Thirty years after “Friday Night Lights,” Robert Clark takes us back to the world of the Permian Panthers

Don Billingsley prepares for a game.

When I answer the phone to speak with photographer Robert Clark, the Kansas native is calling from his car as he makes the 18-hour drive from New York to visit his ailing father. His father’s condition is a reminder that many years have passed since 1988, when 28-year-old Clark, his career just beginning, caught his big break photographing the Permian Panthers in Odessa for Buzz Bissinger’s Friday Night Lights. He couldn’t have known that book would go on to be a cultural staple that inspired a popular movie and nationally beloved TV show. 

But the notion of time passing runs through the pages of Clark’s latest project Friday Night Lives, a collection of never-before-published photographs of the Permian Panthers from the 1980s. The book from UT Press is part-time capsule, showing the Panthers in their glory days. But Clark also captures how the years have had its way with the once-young Odessa heroes, having returned to West Texas to photograph the men in their current lives. The Alcalde spoke with Clark about the most iconic high school football team in Texas history—and where the players are now. 

Ivory Christian, a linebacker for the Panthers.
Brian Johnson does a handstand on a Saturday morning the day after a victory over Abilene Cooper High School.

When did you decide to pick this project back up?  

I was thinking about doing it for the 25th anniversary. Honestly, I just got too busy and it slipped to the back burner. But I think the longer you wait, the more striking the differences are between then and now—like you see the acid-washed jeans and the really big hair on all the girls. 

What was it like revisiting your old photos?  

The ones that are published in the original book I’m so familiar with. But I hadn’t really looked at the proof sheets intensively for a long time. As I was starting to look at them, I was really heartened and pleased with how many pictures I was finding. So, I looked at them and I thought, Well, can this really be a book? I reached out to a friend of mine, DJ Stout, who used to be a designer at Texas Monthly, and he put me in touch with the people at UT Press. I just thought this should be done by somebody in Texas—it made it feel more complete. 

Do you have a favorite image in the book? 

I love the one of Mike Winchell with the balloons. That’s kind of my classic picture and it’s really one of my favorite pictures I’ve ever shot in my career. There’s something about his face, his expression, and the way his hand is. It’s these tiny details that make a picture interesting or special. I just keep coming back to that as a photographer. I think we all have stories and things we do that develop more meaning for us over time.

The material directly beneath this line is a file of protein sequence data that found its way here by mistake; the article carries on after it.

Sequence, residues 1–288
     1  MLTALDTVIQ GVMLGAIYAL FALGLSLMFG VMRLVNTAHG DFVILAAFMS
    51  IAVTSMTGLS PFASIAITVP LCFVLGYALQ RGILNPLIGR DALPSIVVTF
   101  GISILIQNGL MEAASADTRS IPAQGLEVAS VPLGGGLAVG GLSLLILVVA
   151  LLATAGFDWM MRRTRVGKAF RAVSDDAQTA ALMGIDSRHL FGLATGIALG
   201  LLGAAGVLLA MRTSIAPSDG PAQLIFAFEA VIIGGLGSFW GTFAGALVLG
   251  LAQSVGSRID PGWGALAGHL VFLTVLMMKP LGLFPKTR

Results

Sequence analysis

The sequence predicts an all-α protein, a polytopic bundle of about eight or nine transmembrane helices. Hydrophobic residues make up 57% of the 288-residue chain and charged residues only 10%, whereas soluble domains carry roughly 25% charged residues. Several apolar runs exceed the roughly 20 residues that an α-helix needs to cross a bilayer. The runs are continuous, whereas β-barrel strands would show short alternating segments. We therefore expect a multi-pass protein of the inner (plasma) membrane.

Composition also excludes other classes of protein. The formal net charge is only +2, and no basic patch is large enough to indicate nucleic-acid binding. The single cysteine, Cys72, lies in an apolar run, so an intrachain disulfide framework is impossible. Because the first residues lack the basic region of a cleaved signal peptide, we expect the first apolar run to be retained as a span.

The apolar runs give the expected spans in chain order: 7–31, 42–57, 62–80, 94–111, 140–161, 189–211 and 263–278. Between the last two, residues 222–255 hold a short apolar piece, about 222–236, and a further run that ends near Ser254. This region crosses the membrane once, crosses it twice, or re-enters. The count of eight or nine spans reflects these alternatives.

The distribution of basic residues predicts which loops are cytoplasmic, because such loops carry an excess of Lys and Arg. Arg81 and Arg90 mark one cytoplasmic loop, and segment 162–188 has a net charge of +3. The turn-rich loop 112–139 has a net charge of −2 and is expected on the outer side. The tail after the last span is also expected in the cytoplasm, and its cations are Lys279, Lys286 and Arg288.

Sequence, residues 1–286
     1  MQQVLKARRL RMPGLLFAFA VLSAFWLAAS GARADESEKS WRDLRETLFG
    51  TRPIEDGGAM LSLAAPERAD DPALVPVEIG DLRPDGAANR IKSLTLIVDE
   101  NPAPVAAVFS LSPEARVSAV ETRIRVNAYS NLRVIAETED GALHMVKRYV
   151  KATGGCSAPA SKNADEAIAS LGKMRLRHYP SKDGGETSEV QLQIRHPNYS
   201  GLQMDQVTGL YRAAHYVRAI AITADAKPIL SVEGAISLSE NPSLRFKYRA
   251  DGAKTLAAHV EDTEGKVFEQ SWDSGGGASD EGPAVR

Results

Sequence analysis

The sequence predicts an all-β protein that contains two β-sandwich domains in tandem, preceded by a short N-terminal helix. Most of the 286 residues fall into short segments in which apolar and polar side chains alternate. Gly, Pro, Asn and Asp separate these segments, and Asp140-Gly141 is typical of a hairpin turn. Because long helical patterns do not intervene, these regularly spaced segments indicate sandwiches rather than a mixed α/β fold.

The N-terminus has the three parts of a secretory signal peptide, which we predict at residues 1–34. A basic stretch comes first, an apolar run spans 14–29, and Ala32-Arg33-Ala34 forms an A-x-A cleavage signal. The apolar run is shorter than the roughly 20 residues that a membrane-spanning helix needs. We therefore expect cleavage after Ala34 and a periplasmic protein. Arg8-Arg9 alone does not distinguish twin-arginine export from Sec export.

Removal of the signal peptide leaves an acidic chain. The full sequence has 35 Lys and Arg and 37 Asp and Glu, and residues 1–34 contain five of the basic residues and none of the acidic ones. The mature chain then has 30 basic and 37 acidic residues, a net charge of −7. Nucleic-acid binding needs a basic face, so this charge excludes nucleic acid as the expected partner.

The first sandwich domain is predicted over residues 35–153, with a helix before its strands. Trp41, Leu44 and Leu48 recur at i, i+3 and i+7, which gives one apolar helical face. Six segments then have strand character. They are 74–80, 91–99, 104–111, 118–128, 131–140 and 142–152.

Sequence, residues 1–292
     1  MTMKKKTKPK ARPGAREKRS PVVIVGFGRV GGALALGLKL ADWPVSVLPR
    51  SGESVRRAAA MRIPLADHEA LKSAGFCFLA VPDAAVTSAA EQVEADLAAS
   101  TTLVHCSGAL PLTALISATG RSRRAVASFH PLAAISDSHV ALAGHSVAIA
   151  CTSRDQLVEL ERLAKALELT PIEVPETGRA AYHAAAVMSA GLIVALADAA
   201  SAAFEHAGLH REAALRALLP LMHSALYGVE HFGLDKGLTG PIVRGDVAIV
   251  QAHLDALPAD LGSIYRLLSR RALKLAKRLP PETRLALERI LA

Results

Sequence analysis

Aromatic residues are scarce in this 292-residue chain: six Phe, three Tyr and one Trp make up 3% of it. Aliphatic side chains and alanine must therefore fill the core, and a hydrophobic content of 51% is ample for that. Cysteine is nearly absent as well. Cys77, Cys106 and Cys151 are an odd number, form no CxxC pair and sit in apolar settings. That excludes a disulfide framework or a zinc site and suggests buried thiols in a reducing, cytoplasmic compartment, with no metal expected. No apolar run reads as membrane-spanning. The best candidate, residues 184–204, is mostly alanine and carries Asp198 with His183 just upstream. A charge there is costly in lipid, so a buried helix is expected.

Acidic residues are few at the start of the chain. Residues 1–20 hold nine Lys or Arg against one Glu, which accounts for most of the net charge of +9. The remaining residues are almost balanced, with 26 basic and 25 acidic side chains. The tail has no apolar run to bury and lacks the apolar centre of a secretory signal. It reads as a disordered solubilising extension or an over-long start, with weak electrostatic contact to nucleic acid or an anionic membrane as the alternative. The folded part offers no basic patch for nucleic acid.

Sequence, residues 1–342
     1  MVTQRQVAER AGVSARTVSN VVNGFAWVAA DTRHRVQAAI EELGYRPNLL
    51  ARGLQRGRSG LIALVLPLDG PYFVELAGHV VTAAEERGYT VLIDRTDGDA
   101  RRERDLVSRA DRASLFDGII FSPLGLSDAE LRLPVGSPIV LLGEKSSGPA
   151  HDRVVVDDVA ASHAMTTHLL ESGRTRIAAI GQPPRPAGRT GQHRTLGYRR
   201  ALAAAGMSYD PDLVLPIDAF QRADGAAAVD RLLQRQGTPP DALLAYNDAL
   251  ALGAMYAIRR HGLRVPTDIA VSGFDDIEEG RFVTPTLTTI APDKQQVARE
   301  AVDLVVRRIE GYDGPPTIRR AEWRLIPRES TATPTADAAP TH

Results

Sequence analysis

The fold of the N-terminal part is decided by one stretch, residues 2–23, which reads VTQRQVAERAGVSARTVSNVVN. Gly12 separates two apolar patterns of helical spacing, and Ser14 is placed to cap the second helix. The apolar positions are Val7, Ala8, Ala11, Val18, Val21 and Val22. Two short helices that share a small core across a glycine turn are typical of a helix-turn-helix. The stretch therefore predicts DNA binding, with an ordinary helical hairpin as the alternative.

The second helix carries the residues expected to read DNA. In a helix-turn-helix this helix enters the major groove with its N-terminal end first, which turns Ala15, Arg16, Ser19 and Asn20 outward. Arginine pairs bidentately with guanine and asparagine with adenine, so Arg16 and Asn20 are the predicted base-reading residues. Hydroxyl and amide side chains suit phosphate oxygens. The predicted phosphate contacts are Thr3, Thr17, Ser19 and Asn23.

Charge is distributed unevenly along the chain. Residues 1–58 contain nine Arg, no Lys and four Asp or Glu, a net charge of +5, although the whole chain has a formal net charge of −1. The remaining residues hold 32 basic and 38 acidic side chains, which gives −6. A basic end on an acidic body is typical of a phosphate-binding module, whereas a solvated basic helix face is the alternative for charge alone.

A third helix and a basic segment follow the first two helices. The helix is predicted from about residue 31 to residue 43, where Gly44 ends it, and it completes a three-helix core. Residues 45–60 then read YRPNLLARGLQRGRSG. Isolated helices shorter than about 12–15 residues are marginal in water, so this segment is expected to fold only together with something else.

What do you remember about that time in Odessa?  

I was out there for about two and a half weeks. Odessa was a lot like my hometown of Hayes, Kansas. Hayes has oil. It’s got a university there. It’s a lot smaller than Odessa, but it’s kind of the same culture in a way—it’s a tough town. So goes the oil industry, so goes Odessa. They were in a bit of a downturn when we were there, which just kind of gave a clearer sense of the environment. So, when there’s something to feel good about, like the football team, like Permian, it got even more attention. In those moments when times were rough, the football team was consistently really good. And that was something that the town could be proud of.  

You’ve kept in contact with the players. How was it going back to photograph them now?  

Well, it’s always interesting. Brian Chavez is a successful lawyer and he’s always in a good mood. It’s been nice to be in touch with Mike Winchell. Don Billingsley, who was kind of a wild child, is born again and a really sweet guy with a big family. It’s just interesting to see what has happened. Life goes on and there are ups and downs and yet, they’re stuck in my negatives as these beautiful, young guys. Now they’re middle-aged men who’ve had knee replacements or things like that.   

What about Coach Gary Gaines?  

That’s a sad story, actually. At about age 58, he started to show signs of Alzheimer’s. There’s a picture of him in the book. I went to the care facility with his wife and his son. I’m so thankful they let me come along but he didn’t remember the book; he doesn’t remember me. He doesn’t really, probably at this point, remember coaching. But like I said, life happens to people. 

Anything else you’d like to add?  

I think this a really great project, 30 years later. You know, I think my photographs helped make Friday Night Lights memorable. Nobody had ever written or published something like that and it was kind of the perfect storm. And with Friday Night Lives, I’m just happy to have it out in the world now. 

This interview has been edited and condensed. 


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